It’s been forever since I updated this, so a quick pictorial review of things that have happened:
I modified our cheapo Turnigy 9x transmitter so that we could flash it with open-source ER9X firmware. This transmitter uses a fairly generic microcontroller for its “brain,” but the firmware it comes with is clunky at best. The RC geek community has come up with far better options, some of them pretty specialized. ER9X does way more than I’ll ever need, and is very intuitive once you get used to it. Hobby King is now selling a fancier version of the transmitter with the open-source firmware installed, and not giving credit to the community that developed it. Imagine, a corporation taking open-source code and pretending they own it! Unheard of!
An AVR programmer (connects the microcontroller to your USB port) plugs into this funky plug. I guess the cool kids just build the programmer into the transmitter and have a USB plug on the outside for computer connection. Ironically, I couldn’t get my AVR programmer to work with Linux, so I had to use the evil Windows to flash the transmitter. Now, I can actually program parameters for different aircraft (including any sort of multi-copter, etc.) from my computer. Not that I’ve actually done that. Seriously, this is powerful stuff, especially for the DIY drone crowd.
Please don’t think that I have more than a vague idea about how this stuff works. I prowled numerous forums and watched many videos to figure out how to do this. I was just following the recipe.
So we flew a couple of more times (still just me actually flying), then this happened:
After the successful rescue, we fixed the plane, and finally made it out to fly. Since the plane would have been a total loss without Guthrie’s rescue efforts, I figure he owns it now. I nagged him to do some simulator time, which he did, probably an hour total.
The freeware RC plane simulator is dull as church. It’s not like a fun game with an airplane, but it does help with the basics, especially getting the hang of steering when the plane is coming right at you. It’s actually in some ways more difficult than flying the real plane, because the simulator plane is hard to see in context.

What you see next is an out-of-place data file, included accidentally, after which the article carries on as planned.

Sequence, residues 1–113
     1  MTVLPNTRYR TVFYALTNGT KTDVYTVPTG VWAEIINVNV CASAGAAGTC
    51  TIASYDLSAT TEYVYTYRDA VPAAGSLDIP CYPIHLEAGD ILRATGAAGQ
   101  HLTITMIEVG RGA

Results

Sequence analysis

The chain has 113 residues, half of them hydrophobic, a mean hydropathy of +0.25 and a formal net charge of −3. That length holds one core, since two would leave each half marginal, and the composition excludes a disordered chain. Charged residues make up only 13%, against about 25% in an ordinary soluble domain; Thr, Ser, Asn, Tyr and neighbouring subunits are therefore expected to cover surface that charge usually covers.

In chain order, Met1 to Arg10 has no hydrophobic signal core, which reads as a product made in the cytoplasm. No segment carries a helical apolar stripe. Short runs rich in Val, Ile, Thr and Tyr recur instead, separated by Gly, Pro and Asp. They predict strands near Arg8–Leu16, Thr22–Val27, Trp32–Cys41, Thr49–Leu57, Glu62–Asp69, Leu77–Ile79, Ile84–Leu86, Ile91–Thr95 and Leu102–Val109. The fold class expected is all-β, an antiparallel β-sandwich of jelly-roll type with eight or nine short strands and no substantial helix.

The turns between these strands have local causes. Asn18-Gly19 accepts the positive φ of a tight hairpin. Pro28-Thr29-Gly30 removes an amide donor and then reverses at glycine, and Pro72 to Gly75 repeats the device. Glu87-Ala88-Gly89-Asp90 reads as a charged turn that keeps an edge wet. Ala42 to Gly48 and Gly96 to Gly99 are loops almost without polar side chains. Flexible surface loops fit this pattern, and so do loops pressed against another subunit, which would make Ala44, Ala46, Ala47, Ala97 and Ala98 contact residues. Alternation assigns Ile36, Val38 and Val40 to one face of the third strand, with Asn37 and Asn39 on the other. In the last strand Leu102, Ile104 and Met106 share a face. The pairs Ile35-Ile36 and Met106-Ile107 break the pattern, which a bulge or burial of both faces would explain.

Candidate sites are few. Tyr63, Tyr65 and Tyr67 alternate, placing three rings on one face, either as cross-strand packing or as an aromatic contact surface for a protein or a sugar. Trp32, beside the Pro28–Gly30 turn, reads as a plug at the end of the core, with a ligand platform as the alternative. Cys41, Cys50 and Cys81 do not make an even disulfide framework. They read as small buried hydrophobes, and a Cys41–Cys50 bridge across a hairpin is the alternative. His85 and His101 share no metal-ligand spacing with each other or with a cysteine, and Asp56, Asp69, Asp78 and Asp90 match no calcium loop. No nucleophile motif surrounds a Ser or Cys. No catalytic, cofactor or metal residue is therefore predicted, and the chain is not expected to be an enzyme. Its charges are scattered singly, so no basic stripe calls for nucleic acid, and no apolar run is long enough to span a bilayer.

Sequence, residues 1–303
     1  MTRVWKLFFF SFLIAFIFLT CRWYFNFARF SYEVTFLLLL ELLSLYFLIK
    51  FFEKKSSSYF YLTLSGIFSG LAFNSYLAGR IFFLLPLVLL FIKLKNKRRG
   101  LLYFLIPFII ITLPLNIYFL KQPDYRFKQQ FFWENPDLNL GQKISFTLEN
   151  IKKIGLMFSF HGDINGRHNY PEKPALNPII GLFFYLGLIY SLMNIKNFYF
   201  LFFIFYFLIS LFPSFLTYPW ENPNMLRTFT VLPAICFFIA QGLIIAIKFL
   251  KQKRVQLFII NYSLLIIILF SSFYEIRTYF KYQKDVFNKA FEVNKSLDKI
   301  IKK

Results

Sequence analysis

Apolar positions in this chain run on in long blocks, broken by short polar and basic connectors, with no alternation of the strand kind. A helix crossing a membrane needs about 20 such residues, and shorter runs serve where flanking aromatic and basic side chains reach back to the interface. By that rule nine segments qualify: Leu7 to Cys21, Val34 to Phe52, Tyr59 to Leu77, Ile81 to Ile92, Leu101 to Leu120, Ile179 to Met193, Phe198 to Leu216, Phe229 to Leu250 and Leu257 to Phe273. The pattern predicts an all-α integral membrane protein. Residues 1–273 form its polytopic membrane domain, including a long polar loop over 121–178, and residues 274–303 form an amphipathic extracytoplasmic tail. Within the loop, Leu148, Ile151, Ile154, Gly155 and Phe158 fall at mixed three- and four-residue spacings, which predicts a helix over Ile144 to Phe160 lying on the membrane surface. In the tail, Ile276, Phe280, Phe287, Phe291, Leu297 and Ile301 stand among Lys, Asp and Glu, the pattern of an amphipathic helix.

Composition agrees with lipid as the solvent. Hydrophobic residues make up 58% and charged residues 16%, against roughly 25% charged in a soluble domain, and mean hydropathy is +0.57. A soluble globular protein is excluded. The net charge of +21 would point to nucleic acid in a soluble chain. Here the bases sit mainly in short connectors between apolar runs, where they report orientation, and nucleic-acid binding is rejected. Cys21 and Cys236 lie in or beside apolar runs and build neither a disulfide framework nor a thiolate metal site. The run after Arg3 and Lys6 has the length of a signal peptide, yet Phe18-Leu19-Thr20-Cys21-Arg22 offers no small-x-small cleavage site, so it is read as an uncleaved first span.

The weather was perfect for Guthrie’s first flight – very light, fairly steady breeze and lots of sunshine. I took a couple of circles around the field to trim the airplane up, then managed to snag the landing gear in some blackberries on approach. The plane was fine, but we lost a wheel in the thicket, so all subsequent flights were hand launched and landed in the grass. Hand launching is actually much easier than taking off from the ground, just keep your hands well away from the propeller. Once I was confident the plane was flying straight and level hands-off, I handed the controller to Guthrie and he flew from then on.
The takeaways from all this are that Guthrie clearly has amazing natural flying talent, and that the simulator really works. I got a Futaba “transmitter” box with a USB plug from the Goodwill for $8, and there are a few different free software options. Sadly, I couldn’t get anything to work with Linux (I think it can be done), but it works fine with Windows.
If you’re thinking of doing one of these planes, definitely get a simulator going. If you can fly the sim, you can fly the actual plane. Not that there won’t be crashes, but the happiness/frustration ratio will be much better.